To the Editor of “Freedom”, Mary Everest Boole

[published in Freedom September, 1895]

Sir,
May I send you a little item of news about a friend of yours. M. Elisée Reclus has been lecturing on a geographical subject to a summer gathering of teachers and students. I was not able to come in time for the beginning of the course; and, when I arrived, I was greeted with this announcement: “We have all found out that we did not know what Anarchism meant: we used to think it meant throwing bombs; but now we think it means, being nicer and kinder than other people.” one intensely Conservative person, after describing to me some of M. Reclus’ personal habits, and retailing some items of his conversation, added: “Really one does not know what to make of it. It seems to me that our conceptions of Anarchism will have to shed a good deal of dead skin before we can understand truly what it is.”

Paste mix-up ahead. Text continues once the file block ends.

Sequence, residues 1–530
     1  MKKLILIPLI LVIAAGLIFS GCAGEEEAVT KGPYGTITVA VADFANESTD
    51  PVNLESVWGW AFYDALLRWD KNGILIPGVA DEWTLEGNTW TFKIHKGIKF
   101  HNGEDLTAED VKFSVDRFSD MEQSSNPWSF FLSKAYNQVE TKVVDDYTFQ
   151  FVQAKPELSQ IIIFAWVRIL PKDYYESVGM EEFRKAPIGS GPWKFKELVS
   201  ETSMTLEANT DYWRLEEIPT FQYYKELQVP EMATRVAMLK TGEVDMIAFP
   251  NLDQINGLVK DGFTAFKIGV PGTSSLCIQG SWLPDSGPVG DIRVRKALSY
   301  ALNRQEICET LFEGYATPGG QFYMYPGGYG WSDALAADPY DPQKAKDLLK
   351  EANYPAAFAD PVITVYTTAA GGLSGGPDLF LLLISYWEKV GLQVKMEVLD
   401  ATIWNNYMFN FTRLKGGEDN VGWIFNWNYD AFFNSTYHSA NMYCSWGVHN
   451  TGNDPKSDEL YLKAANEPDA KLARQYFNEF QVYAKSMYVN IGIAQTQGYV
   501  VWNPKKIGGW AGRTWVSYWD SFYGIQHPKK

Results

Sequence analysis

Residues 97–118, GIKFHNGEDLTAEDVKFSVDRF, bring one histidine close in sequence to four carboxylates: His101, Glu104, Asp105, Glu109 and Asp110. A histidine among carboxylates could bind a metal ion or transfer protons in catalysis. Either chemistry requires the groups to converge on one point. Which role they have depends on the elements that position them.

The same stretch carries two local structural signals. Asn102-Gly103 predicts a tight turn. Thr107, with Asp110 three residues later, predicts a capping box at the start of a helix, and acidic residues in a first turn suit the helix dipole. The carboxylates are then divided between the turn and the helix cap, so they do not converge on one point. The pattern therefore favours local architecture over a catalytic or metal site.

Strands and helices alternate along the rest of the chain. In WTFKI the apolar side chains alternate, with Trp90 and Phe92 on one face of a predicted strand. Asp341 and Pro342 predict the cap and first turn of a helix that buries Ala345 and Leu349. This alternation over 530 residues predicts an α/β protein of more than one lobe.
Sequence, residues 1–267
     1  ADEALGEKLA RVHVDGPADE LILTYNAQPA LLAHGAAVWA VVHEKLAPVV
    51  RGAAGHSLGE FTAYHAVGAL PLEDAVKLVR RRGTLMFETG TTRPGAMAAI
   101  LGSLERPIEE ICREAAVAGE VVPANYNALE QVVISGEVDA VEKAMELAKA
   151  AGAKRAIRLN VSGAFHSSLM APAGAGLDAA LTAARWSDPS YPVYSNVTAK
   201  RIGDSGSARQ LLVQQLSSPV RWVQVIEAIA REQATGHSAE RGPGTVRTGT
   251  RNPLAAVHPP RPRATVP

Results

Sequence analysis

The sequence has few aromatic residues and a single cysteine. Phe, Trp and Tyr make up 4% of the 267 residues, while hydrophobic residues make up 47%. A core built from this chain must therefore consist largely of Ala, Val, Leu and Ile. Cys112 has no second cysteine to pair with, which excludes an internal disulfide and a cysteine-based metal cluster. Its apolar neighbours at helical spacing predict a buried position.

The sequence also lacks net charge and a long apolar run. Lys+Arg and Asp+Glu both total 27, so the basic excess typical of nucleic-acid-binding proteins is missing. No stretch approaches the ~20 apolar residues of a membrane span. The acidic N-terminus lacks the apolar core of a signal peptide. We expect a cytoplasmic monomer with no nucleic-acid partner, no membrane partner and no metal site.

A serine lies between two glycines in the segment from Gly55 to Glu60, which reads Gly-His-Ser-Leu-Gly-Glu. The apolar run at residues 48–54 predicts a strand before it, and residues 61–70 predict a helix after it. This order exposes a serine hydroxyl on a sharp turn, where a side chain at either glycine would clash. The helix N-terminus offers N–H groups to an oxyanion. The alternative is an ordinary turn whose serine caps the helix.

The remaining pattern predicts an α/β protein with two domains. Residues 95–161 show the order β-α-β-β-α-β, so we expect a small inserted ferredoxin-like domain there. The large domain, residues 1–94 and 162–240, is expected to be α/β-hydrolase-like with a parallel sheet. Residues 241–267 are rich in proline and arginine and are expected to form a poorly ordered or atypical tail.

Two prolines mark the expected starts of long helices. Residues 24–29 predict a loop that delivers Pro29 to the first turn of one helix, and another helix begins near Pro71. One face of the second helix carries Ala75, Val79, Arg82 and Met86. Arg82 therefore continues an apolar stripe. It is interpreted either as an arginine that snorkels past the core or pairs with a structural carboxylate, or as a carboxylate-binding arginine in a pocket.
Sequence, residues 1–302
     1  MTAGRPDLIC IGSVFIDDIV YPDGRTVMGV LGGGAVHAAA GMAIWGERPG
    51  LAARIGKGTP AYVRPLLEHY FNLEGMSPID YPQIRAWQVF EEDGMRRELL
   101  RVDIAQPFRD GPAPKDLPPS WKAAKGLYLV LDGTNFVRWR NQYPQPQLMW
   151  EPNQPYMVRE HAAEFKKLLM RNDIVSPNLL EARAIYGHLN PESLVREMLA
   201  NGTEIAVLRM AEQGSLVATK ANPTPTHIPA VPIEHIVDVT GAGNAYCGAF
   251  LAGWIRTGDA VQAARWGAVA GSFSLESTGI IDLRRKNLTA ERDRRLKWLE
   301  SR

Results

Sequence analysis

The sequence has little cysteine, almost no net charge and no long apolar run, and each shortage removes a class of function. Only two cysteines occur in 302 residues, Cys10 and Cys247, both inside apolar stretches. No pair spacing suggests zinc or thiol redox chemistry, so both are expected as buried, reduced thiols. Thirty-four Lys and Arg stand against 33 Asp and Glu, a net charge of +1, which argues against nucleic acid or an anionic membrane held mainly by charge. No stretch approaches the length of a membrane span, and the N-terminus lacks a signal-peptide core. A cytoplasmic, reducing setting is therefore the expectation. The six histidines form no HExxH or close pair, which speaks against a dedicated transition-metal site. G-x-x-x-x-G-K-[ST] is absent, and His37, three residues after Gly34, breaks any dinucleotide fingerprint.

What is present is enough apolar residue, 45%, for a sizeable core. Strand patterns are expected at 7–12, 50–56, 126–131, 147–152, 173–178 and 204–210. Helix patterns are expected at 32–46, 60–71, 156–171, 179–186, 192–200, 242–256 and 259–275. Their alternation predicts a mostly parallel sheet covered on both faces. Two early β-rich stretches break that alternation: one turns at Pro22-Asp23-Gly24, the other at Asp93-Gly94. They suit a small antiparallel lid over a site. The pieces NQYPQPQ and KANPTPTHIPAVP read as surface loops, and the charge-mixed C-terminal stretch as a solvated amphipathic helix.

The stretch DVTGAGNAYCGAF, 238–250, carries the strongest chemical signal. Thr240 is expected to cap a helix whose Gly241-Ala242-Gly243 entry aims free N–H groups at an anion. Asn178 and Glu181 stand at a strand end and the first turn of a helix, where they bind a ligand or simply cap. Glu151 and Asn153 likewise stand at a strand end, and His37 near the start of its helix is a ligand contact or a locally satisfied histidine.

Now the persons who spoke thus would never have gone to hear a lecture on Anarchism. If you wish to destroy prejudices in your opponents, do not fling at them either bombs or hard arguments about Anarchism; but send some Anarchist, whose conduct they will be forced to respect, to teach them some art or science which they themselves desire to learn, and let him make his own impression.
Yours truly,
Mary Everest Boole.
August, 1895.

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